The War on Talent Attrition Has Just Begun

Fri 19 Aug 2022

By Pieter van der Hoeven, Senior Director, Business Development, Litera
Part of a series of articles from Litera leaders on themes related to the ILTACON 2022 event.

It's no secret that law firms face enormous challenges in finding and retaining enough talent to keep up with the demand for their services. In 2021, law firms had an average attrition rate of 26%, according to NALP's annual Update on Associate Attrition. In a recent Thomson Reuters report, law firm business leaders identified lawyer recruitment and retention as the most significant risk to profitability. Fifty-one percent said the risk was high, and another 35% considered it a medium risk. The next highest threats to profitability are poaching of staff by competitors and associate salary increases. Of the many things firms see as risks to profitability, the top three all relate to the war for talent.

Losing attorneys is a costly process. According to NALP, replacing a single associate can cost as much as $500,000, measured in recruitment fees, lost productivity, and training and onboarding costs.

The traditional law firm response, throwing money at the problem in the form of higher salaries and signing bonuses, is not sustainable, nor is it working very well. It might solve an immediate problem – getting enough bodies in to complete the current deals – but it leaves the firm with longer-term structural issues. And the firms that saw the highest salary increases are not seeing lower turnover, just higher costs.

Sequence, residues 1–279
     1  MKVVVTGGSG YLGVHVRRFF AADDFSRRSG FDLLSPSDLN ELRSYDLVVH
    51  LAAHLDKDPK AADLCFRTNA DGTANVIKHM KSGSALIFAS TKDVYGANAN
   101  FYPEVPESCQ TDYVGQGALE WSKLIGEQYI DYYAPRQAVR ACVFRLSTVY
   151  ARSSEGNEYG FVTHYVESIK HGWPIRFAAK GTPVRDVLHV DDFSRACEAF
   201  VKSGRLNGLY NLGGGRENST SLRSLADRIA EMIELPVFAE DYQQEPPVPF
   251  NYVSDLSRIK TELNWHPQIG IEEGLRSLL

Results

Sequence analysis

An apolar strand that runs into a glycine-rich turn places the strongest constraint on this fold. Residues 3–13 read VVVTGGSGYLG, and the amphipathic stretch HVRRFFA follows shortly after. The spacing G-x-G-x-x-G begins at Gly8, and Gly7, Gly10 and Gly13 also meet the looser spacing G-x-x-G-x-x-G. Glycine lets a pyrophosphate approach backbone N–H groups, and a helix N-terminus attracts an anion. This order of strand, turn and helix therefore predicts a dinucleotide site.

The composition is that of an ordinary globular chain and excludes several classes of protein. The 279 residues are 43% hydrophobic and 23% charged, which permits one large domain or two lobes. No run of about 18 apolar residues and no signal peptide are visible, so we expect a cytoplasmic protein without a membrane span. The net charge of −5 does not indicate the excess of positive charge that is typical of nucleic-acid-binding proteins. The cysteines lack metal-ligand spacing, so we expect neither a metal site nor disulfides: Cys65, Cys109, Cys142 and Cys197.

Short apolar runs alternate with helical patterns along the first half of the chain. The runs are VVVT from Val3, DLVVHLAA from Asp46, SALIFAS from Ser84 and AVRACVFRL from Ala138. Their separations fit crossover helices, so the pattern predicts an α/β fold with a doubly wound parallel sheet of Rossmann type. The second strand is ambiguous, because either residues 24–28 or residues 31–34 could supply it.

Then why are associates moving on? A recent Chambers survey showed that the top factors influencing whether younger associates stay or leave are related to the work, not the compensation. Specifically, the opportunity to specialize and engage in more interesting work and to see a more clearly-defined career progression are among the top factors in their decisions.

If younger lawyers aren't finding rewarding and interesting work or seeing clear progress in their careers, is it any wonder that chasing a signing bonus or a larger salary becomes the next best option? "If you're doing work you don't like and have no autonomy in your work life, you might as well be paid a lot" seems to be a common sentiment.

We believe there is much more law firms can do to engage and retain those associates. The solution is to empower the workforce, train them well, and give them more influence over their work and career path.

And there is a role for technology and data in driving that engagement. Technology can support the entire talent management lifecycle, including recruitment, work allocation, and learning. Firms can do much more to enhance the management of an associate's acquisition of skills and find the right people for the right work across multiple projects and teams.

Talent wars are unsustainable; adding more lawyers or paying them more does not scale well. When a firm's most significant assets are walking out the door, it's time to build better systems to develop their talent and provide them with the challenging and interesting work that will make them never want to leave.

Want to see Litera's talent management software in action? Get a demo of Micron here.

See Litera acquires talent management software, Micron Systems Inc.

Talent & HR


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